Of course, due to the mission undertaken by the museum, the masters trained in other European countries were not forgotten. In this way, travelers who spend time in the museum can closely examine the masterpieces by Braque, Van Gogh, Rodin and Giacometti.
Entry Fees: €10 (As part of the Museum, Roma Pass)
Visiting Hours: 08.30-19.30
Viale delle Belle Arti, 131, 00197 Rome Blogpost
- Circo Massimo Vacationing in Rome is like traveling through time. Wherever you go or wherever you look, you may encounter ruins from a different time period. Circo Massimo is one of them.
The Romans built the ancient hippodrome, originally called Circus Maximus, between the Aventine and Palatine hills. When the hippodrome is mentioned, only horse races come to mind nowadays; but in ancient times – folk dances and festivals were also held here.
If you remember, I talked about an obelisk while describing Popolo Square. This work was dismantled from the Circo Massimo during the reign of Pope Sixtus V.
Not much has survived to the present day from the hippodrome, which was the first of its kind in the Roman period. However, this situation does not prevent history buffs from coming to the historical area, which has been converted into a park.
Via del Circo Massimo, 00186 Rome
- Terme di Caracalla Another monumental building that Emperor Septimus Severus and his son brought to the capital is Terme di Caracalla. In other words, Caracalla Bath in our language.
Bath complex, M.S. It was built between 211-217. The fact that it was open to the public and free of charge was the biggest feature that distinguishes the building from most of its counterparts at that time. However, over time, it did not hesitate to add new ones to this feature. Because the bath is known as the largest and best preserved of those on the lands once ruled by Rome.
Although it has not preserved its integrity in terms of structure, its decorations allow the former beauty of the bath complex to be
understood. Of course, after getting the clues, it’s up to your imagination.
Ticket €8 (+ €2 booking fee)
It can be visited between 09.00-19.15 hours.
Viale delle Terme di Caracalla, 00153 Rome
- Domus AureaM.S. In 64 B.C., there was a terrible fire disaster that caused Rome’s elite to lose their possessions. However, this situation provided the opportunity for Emperor Nero, who was an art lover and who knew no bounds to madness, to have the palace he had dreamed of. Thus, the Domus Aurea, or the Golden Palace in our language, emerged.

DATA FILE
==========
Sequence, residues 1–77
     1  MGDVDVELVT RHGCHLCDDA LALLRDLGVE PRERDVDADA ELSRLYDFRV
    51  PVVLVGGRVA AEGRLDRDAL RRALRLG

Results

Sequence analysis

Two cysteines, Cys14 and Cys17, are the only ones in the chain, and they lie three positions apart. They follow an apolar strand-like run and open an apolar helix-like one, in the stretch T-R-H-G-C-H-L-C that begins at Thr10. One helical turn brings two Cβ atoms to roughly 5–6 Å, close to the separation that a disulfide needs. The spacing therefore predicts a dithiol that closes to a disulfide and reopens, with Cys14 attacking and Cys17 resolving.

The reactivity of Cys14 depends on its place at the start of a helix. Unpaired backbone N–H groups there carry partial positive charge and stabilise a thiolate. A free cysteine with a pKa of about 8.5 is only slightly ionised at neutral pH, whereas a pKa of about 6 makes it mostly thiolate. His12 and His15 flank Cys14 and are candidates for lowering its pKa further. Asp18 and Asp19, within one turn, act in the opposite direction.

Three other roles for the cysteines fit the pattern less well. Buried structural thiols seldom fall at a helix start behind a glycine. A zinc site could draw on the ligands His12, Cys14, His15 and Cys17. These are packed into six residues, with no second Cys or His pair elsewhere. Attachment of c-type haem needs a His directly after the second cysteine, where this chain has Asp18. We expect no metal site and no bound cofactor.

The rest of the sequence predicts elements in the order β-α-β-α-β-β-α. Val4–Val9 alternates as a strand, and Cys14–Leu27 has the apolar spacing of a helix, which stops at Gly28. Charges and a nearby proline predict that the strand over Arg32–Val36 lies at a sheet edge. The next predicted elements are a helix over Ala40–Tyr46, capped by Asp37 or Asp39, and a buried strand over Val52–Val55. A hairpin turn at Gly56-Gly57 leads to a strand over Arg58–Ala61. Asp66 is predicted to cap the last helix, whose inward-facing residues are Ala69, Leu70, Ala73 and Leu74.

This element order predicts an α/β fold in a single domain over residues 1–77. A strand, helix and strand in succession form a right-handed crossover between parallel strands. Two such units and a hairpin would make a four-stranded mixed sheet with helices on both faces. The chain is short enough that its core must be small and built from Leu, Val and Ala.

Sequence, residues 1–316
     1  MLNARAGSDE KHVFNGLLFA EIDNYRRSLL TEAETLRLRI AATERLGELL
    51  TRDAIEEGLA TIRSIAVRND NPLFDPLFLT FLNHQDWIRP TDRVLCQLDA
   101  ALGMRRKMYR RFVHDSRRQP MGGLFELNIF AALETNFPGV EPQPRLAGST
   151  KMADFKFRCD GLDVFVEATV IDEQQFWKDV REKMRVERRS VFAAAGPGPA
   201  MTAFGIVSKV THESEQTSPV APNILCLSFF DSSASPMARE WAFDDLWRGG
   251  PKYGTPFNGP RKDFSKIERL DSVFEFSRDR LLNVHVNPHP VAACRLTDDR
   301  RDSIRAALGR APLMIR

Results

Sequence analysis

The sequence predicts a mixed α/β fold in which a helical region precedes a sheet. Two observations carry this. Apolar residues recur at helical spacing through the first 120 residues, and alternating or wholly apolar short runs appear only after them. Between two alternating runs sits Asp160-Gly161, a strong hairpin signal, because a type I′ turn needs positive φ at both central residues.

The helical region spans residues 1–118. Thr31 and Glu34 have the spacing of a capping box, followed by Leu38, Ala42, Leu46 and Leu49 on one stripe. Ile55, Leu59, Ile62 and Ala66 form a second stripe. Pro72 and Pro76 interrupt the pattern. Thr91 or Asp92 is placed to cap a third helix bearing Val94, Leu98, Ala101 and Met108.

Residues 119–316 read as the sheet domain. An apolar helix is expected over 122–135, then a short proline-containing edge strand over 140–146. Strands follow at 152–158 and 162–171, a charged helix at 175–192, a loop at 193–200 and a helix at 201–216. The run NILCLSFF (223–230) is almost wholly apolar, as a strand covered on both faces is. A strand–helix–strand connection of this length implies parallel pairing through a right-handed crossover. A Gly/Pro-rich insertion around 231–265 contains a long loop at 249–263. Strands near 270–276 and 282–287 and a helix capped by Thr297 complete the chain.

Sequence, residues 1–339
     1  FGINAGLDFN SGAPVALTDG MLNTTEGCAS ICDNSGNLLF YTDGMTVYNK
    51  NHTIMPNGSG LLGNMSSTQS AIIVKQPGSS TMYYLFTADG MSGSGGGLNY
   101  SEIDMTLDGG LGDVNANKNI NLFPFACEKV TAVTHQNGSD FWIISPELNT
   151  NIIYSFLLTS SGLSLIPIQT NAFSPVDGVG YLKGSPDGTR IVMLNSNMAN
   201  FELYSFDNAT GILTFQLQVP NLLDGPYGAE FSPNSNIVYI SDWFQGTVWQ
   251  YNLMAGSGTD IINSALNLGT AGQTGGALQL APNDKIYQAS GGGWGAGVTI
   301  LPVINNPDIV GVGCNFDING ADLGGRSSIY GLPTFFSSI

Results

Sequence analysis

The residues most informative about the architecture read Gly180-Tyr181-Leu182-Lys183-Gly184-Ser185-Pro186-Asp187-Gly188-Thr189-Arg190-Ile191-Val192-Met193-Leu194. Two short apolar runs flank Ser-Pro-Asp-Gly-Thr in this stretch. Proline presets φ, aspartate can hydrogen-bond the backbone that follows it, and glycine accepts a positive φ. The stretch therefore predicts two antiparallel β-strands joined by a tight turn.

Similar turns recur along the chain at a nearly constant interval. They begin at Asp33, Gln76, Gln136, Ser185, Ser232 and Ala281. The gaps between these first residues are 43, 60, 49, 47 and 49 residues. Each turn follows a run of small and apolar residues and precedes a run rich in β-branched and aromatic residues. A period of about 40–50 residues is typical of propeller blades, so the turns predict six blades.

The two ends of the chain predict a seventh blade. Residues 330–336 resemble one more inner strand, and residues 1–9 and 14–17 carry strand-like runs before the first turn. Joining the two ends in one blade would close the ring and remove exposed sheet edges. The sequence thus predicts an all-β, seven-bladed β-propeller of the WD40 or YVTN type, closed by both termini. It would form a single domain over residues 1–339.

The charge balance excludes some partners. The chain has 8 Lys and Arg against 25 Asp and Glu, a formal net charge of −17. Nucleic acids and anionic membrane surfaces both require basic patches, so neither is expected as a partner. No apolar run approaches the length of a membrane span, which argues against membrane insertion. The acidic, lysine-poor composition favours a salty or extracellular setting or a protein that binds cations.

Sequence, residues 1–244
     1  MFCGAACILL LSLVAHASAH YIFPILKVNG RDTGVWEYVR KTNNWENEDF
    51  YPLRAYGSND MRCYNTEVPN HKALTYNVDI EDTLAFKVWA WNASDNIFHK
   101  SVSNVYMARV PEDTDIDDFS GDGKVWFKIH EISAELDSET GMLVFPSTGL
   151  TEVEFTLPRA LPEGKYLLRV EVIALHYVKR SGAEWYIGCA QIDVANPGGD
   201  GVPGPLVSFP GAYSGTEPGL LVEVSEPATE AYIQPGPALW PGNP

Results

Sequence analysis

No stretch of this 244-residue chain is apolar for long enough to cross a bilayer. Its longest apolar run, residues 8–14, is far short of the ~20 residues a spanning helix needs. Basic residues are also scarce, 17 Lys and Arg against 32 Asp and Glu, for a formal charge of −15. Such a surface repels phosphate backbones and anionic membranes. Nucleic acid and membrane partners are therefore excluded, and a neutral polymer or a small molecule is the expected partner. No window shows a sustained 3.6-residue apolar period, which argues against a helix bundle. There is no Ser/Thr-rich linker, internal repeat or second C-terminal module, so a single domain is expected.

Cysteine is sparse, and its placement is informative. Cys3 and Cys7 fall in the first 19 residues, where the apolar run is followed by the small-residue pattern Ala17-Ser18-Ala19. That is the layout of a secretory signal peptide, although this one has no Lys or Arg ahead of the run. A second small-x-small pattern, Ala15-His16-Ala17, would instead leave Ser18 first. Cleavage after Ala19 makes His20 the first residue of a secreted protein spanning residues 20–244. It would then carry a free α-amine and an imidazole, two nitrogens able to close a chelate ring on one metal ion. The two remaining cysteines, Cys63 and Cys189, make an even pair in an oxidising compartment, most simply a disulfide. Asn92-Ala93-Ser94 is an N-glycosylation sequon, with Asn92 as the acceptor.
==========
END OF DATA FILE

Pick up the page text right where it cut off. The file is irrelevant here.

Nero’s palace of pleasure; The Palatine occupies the area between the Esquilline and Cello hills. Since I use the definition of “pleasure palace”, you may immediately have questions about what it is like. Let me answer right away. The Roman emperor, who determined to enjoy life as his primary aim, ordered that luxury be given importance in the construction of the palace.
What was the result? A structure has emerged, covered with ivory and marble on all four sides, with ceilings that allow guests to pour perfume and rose petals on it. Of course, importance was given to the garden as much as the interior of the palace. Many artificial lakes have been built around it.
Warning About Domus Aurea
The area where the palace ruins are located is only open to visitors on weekends. For this reason, it is better not to leave the reservation to the last minute.
It can be visited between 09.15-16.15 hours.
Via della Domus Aurea, 1, 00184 Rome
- St. Paul’s Basilica is next in the list of places to see in Rome. Paul’s Basilica.
The basilica is characterized as the second largest religious building in Rome. Another main reason why travelers show great interest is that the structure is one of the four ancient papal basilicas.
The basilica was built in the 4th century on the burial place of the saint from whom it is named. For 400 years after its completion, it was the largest of its kind in Europe. The floor coverings and wall decorations of the basilica are quite beautiful. But the main praise deserves the cloisters on the ceilings.
There is no charge for travelers who come to visit the basilica. However, guided tours with the monastery section are excluded from this rule. If you want to get detailed information about the building while visiting the building, you can take advantage of the voice guidance service by paying the price stated below.
Ticket €1,50 (Audio Guidance Service), €3 Monastery
It can be visited between 08.00-17.00 hours.
Piazzale San Paolo, 1, 00146 Rome
- Catacombe di San Callisto
The Catacombs of Callixtus, or Catacombe di San Callisto, as it was originally called, is, in my opinion, the most extraordinary place to visit in Rome. Researches
In fact, there are many tombs of similar type in the Italian capital. However, one of the main reasons why I recommend this place to you is its size and culturally satisfying content.
The underground building complex on the Appian Way is also known as the “Tomb of the Popes”. Because this is the final resting place of 16 clergy who ruled the
Catholic world at the time.